An all-American reaction to breakfast excess was brewing, however, with the pro-vegetarian gospel of Seventh-Day Adventism, founded in Battle Creek, Mich., in 1863. One of the church’s founders, Ellen G. White, had been a patient in Dr. James Caleb Johnson’s sanitarium in Dansville, NY. Johnson had invented a cereal he called Granula (as in “granule”): dense bran nuggets that had to be soaked overnight before serving. White may have taken this idea to Battle Creek, where fellow Adventist Dr. John Harvey Kellogg ran another sanitarium. In 1887, Kellogg developed a breakfast biscuit of oats, wheat and cornmeal, which he called Granula until a lawsuit made him rename it as Granola.
His brother, former traveling broom salesman Will Keith Kellogg, helped develop new granola variations for the sanitarium and spa. In 1894, cooking up a wheatmeal, the Kelloggs forgot about a batch overnight. They ran it through rollers a second time in hopes of salvaging the wheat and got individual flakes instead of a cracker-like sheet. Roasted, the flakes were a hit with guests. The Kelloggs began marketing the cereal as Granose.
Two years later, Will tried the technique with corn and made corn flakes. In 1906, he bought out his brother and began selling Kellogg’s Toasted Corn Flakes. But Charles William Post, a former patient at the Battle Creek sanitarium, was already marketing his own corn flakes, introduced in 1904 as Elijah’s Manna (rechristened Post Toasties in 1908). After founding his own Battle Creek spa, Post had developed a coffee substitute, Postum, and his version of granola, Grape-Nuts.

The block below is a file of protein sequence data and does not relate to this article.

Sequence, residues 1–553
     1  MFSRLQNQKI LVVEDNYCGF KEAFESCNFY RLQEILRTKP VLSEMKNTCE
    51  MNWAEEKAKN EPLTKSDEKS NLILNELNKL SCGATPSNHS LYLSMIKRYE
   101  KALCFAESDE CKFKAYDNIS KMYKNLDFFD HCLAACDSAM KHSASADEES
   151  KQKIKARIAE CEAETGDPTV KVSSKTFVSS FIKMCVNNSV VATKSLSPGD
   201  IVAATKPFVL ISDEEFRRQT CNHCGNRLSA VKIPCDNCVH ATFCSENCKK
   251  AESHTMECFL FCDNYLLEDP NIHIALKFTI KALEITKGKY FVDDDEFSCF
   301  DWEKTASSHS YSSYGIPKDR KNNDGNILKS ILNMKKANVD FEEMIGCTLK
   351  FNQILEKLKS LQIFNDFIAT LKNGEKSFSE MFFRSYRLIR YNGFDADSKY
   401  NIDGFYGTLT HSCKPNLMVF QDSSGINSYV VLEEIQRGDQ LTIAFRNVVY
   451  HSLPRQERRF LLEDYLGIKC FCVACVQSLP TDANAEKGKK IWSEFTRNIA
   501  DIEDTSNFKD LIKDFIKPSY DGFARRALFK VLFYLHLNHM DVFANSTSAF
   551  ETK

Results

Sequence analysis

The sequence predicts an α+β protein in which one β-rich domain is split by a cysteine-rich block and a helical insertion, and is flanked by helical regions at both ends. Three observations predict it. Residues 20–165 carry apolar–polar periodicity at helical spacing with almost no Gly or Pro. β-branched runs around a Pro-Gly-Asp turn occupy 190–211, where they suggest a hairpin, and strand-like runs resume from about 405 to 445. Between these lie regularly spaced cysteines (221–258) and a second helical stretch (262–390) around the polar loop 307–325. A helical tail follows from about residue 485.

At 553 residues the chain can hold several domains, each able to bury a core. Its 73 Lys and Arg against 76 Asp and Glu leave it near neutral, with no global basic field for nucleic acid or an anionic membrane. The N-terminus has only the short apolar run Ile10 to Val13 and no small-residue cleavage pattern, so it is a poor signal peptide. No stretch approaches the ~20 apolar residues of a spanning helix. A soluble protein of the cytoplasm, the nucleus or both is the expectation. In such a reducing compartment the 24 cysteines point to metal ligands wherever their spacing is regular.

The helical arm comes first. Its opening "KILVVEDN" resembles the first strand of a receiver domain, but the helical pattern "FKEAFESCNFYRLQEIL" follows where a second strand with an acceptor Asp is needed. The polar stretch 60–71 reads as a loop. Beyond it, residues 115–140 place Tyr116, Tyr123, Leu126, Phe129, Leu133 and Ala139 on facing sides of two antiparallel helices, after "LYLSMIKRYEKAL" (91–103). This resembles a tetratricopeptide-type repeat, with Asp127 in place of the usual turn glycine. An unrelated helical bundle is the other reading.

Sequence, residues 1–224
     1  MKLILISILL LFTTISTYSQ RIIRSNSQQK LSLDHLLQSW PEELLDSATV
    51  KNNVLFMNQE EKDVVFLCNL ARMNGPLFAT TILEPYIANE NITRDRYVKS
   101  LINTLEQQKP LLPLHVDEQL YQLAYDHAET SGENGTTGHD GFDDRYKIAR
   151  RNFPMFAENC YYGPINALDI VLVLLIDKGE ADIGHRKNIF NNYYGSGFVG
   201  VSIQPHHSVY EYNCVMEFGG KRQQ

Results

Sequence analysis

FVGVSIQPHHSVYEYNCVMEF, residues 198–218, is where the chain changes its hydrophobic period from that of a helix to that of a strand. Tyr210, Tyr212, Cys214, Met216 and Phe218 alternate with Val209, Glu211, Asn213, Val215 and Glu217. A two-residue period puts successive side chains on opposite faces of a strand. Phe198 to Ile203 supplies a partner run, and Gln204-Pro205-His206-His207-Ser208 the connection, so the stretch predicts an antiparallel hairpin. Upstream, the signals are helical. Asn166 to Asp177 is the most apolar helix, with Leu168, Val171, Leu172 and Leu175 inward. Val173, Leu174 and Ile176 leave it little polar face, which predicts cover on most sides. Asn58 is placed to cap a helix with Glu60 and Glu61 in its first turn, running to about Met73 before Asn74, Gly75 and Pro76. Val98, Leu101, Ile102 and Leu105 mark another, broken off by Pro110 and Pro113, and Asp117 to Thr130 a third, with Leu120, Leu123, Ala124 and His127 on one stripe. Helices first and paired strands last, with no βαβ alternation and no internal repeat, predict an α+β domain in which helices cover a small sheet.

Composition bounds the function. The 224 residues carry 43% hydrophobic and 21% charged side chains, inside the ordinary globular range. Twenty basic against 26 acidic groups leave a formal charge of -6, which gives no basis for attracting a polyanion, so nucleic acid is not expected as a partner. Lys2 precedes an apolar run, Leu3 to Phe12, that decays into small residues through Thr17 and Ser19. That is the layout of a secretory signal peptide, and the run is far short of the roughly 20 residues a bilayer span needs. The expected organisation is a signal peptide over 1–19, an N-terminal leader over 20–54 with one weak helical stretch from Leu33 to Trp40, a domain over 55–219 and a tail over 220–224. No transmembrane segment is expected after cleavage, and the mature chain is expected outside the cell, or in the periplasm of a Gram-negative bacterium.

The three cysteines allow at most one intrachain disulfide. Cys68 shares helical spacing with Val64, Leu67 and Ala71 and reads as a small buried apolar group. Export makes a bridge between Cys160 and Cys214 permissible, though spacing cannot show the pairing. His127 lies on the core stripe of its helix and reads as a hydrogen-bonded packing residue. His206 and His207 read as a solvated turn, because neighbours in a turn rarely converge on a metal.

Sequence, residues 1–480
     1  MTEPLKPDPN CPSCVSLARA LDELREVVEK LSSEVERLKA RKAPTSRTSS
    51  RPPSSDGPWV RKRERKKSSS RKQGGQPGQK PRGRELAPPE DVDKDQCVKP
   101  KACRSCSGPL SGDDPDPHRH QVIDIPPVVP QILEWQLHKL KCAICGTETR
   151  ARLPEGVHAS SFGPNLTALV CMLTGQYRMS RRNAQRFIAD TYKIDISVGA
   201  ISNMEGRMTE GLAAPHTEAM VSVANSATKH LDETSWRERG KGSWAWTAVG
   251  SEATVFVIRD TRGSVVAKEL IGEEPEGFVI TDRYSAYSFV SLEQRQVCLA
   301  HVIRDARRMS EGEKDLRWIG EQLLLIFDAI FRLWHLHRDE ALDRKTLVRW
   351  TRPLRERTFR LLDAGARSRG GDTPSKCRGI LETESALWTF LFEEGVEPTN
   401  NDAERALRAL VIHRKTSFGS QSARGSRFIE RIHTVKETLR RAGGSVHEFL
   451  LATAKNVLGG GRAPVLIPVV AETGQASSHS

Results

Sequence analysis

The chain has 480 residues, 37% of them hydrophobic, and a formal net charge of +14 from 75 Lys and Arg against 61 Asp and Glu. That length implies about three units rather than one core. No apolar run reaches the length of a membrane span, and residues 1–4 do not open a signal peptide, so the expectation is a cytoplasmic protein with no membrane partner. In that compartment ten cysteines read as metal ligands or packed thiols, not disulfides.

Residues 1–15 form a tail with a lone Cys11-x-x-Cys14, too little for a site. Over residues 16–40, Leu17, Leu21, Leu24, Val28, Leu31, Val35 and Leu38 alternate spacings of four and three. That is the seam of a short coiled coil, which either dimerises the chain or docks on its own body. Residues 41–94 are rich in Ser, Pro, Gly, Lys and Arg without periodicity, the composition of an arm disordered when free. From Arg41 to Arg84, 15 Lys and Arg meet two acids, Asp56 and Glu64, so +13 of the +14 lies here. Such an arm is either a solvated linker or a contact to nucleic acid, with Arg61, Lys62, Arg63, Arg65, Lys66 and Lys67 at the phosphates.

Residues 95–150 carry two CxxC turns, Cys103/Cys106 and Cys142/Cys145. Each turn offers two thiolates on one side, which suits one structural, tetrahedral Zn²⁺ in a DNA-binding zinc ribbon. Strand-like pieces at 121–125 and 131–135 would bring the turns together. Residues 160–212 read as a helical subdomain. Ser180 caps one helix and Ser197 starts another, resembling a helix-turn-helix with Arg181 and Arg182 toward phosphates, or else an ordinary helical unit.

Although Kellogg’s Corn Flakes followed Post’s, savvy marketing (“wink at your grocer and get a free box”) overcame that two-year gap. Kellogg’s also found creative ways to appeal to young customers, with characters like Tony the Tiger. Created in 1952 by Leo Burnett art director Eugene Kolkey, Tony won a public competition against a kangaroo, an elephant and a gnu. Thurl Ravenscroft provided Tony’s voice for the next five decades, growling a catchphrase anyone born in the 20th century will recognize: “They’re grrrrreat!”
Kellogg’s also outfoxed Post with the next great leap forward in breakfast convenience, the toaster pastry. In 1963, Post announced that it would be introducing Country Squares. But because the toaster treats weren’t yet actually on the shelves, Kellogg’s was able to imitate the idea and rush its own Pop-Tarts into supermarkets in just six months. With the help of Milton, a talking toaster, and the addition of frosting in 1967 (once a toaster-proof frosting was developed), Pop-Tarts triumphed.
In 2001, as the US invaded Afghanistan, the military airdropped 2.4 million Pop-Tarts into the mountainous country. Who knows? Maybe if the Roman legions had breakfasted on Pop-Tarts instead of pulmentus, they might still rule the world.


  • Some say French toast was originally called German toast, but the French won out thanks to WWI anti-German sentiment.
  • A recipe for a pancake appears in an ancient cookbook by the Roman Apicius, and almost every culture has its own version.
  • Doughnuts were considered snacks, not breakfast, until World War II, when they were served to soldiers.


  • 1270: France establishes a guild to train street waffle vendors
  • 1620: Dutch Pilgrims bring waffles to America
  • 1863: Dr. James Caleb Jackson develops “Granula”
  • 1894: Kellogg brothers accidentally discover cereal flakes
  • 1924: General Mills introduces Wheaties
  • 1937: Vernon Rudolph founds Krispy Kreme in Winston-Salem, NC
  • 1953: Brothers Tony, Sam and Frank Dorsa sell Eggo frozen waffles
  • 1958: First International House of Pancakes opens in Toluca Lake, Calif
  • 1966: Quaker introduces instant oatmeal
  • 1972: McDonald’s rolls out the Egg McMuffin nationwide

From the December 2011 issue of Family Tree Magazine